# Plagiarism in Code

Note I'm not talking about copyright infringement, which is criminal, but mere academic plagiarism, which is a civil matter whose probable worst-case outcome is expulsion and reputation damage. Nevertheless it falls inside the sphere of the often- (and ill-) used concept of intellectual property.

I've always had a problem with plagiarism as a concept as well as something to avoid. In English, here's some teacher asking me to analyze a literary work. Okay. The literary work is simple, so what I turn in is near-exact in terms of information as many other students' work, but with my own phrasing. If I happen to match the phrasing of another student in many instances, or now with modern tools anyone on the entire internet, then the teacher suspects plagiarism. How can I avoid something that could happen due to chance alone? (By lowering the chance but that has to pollute the production in some way. I might normally say "Candy tastes good." To avoid plagiarism accusations, I might say "The bumps on the muscle that resides in my head, in the mouth, normally called the 'tongue', detect the chemicals in this sugary substance about to enter my digestive system and tell my brain it's okay to continue." You can continue that line with asking "why?" to every statement, and adding a "because" for all of them (potentially adding on "because"s to each "because"). I could have gone into evolutionary biology with the above.)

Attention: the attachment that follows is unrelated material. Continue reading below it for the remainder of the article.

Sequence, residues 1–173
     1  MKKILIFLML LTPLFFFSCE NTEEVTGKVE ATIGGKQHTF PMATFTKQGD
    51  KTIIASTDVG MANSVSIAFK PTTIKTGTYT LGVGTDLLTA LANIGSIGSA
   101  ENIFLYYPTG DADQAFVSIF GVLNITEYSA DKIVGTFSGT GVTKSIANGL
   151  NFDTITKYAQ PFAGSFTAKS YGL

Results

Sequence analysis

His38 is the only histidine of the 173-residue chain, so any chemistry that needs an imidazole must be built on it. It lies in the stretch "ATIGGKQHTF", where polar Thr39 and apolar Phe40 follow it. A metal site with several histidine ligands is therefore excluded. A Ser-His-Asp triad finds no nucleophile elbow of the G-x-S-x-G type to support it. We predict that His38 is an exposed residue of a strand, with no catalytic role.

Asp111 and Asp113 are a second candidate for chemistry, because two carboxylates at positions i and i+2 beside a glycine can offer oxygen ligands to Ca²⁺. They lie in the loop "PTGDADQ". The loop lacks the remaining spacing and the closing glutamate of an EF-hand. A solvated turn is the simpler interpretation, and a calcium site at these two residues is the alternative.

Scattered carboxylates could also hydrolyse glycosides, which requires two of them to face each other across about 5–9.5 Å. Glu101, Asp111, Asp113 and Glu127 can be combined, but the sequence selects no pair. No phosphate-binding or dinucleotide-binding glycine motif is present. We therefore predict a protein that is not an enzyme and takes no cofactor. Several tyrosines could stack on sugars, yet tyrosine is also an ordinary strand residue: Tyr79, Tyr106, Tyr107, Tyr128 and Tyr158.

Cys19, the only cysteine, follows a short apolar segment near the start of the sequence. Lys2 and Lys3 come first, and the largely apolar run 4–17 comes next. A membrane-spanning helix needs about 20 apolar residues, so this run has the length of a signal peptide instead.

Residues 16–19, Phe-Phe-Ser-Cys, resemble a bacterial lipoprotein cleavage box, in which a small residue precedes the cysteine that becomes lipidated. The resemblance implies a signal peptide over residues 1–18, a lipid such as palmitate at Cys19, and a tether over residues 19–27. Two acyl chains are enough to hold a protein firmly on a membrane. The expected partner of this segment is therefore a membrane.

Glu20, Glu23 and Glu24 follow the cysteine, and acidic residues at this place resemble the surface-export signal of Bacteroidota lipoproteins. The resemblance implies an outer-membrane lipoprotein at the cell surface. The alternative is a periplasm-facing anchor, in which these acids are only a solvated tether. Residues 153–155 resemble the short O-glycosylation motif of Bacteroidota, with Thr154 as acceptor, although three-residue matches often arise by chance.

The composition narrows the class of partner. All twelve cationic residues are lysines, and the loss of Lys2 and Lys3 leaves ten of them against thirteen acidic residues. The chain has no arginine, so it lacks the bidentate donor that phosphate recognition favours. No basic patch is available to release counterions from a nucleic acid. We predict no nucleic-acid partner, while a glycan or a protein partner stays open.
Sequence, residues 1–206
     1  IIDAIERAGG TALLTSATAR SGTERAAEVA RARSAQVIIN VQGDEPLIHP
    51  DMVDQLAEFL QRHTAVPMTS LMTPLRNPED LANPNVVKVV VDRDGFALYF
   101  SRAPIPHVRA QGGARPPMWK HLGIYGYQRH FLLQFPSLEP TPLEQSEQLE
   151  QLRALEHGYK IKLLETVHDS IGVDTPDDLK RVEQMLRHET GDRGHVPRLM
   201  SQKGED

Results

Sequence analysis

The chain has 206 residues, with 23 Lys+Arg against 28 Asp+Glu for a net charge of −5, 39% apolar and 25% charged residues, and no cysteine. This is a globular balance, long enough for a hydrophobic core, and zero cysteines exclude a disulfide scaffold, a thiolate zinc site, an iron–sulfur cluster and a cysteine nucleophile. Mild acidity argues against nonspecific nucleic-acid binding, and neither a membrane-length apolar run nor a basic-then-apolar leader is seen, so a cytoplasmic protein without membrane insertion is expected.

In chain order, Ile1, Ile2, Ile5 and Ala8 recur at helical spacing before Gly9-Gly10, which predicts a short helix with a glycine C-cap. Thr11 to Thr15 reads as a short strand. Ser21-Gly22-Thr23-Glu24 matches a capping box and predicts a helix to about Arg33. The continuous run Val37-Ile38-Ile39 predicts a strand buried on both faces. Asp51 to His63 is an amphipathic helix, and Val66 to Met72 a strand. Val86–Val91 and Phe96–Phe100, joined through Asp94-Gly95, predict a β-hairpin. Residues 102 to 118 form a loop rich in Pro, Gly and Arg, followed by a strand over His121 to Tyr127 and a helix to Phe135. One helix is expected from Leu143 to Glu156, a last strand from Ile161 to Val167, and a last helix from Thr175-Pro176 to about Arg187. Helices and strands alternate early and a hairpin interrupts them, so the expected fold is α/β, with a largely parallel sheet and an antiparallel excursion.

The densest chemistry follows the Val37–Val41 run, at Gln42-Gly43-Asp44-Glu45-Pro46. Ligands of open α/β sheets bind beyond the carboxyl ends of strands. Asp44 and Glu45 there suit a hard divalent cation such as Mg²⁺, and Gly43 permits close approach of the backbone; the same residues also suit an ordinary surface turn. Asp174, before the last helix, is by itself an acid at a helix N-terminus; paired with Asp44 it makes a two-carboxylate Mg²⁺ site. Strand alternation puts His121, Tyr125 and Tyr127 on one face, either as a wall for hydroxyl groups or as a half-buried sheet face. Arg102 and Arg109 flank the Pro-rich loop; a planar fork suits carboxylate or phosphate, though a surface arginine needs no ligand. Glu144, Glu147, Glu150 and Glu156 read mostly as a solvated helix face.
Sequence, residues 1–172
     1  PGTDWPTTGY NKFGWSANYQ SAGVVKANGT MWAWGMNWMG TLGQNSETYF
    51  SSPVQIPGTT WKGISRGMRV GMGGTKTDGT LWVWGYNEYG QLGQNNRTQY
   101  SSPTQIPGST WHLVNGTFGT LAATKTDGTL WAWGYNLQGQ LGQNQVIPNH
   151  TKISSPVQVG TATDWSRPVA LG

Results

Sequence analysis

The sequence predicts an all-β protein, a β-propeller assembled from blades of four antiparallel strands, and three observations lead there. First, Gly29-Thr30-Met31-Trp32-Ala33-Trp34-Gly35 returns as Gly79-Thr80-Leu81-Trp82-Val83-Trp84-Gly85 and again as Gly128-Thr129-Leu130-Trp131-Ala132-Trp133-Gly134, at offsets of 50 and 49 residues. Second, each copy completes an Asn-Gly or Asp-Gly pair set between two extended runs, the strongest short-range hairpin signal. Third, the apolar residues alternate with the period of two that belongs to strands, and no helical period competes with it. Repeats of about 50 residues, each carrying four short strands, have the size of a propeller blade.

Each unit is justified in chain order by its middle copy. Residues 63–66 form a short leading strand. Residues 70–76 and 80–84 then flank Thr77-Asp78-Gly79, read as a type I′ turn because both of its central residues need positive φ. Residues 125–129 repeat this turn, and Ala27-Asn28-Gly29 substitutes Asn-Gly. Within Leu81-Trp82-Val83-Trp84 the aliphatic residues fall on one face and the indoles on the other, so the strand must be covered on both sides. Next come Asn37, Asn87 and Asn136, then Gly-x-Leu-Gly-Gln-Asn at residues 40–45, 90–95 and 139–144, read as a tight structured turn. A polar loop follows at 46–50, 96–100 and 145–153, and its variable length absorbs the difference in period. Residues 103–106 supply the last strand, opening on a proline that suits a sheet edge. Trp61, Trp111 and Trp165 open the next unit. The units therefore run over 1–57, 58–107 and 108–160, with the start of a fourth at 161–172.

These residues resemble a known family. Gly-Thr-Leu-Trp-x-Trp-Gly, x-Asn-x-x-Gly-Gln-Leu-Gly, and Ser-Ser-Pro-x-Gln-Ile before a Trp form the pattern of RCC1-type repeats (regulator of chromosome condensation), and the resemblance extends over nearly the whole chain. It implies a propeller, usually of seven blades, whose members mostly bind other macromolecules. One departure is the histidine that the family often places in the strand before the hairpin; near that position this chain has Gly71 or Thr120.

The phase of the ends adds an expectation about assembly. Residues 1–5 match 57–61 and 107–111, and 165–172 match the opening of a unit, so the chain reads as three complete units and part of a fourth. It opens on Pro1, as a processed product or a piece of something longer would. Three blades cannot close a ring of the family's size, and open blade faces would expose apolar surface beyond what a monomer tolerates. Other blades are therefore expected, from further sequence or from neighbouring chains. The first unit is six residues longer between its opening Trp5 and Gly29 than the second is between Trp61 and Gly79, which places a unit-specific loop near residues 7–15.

My eventual conclusion on plagiarism is that it's not meant to catch uniqueness of thought, nor is it an effort to catch whether a student understands something, but is an attempt to determine whether work was done according to some specification. Even plagiarizers have to do some work, sometimes more work, depending on the circumstances, but it's not the kind of work desired. So plagiarism is very much an effort to regulate the way of doing something, even if the outcome is the same.

Now let's talk a bit about code. The way professors want their students to do the coding assignments is to sit down and code it, potentially getting help from X sources but never copy-pasting code. This is due to the fact that (apart from a very few number of geniuses) you can't learn how to program just by looking at code. You have to program stuff. So professors want to make sure you're programming so that you learn, with the threat of expulsion if you don't.

Yet just "programming stuff" too isn't sufficient for learning how to program. I used to think "programming it shows you can understand it." This isn't really the case; programming it shows you can program it. Whether you understand what you're programming, or whether you will understand it in the future, has little to do with whether you can program it at this instance. To any professors doubting my claim, I ask you to cross-examine students' homework assignments with their exams. An exam question might ask something exactly the same as what had to happen to program the assignment, but students still get those wrong even if they did fine in the assignment.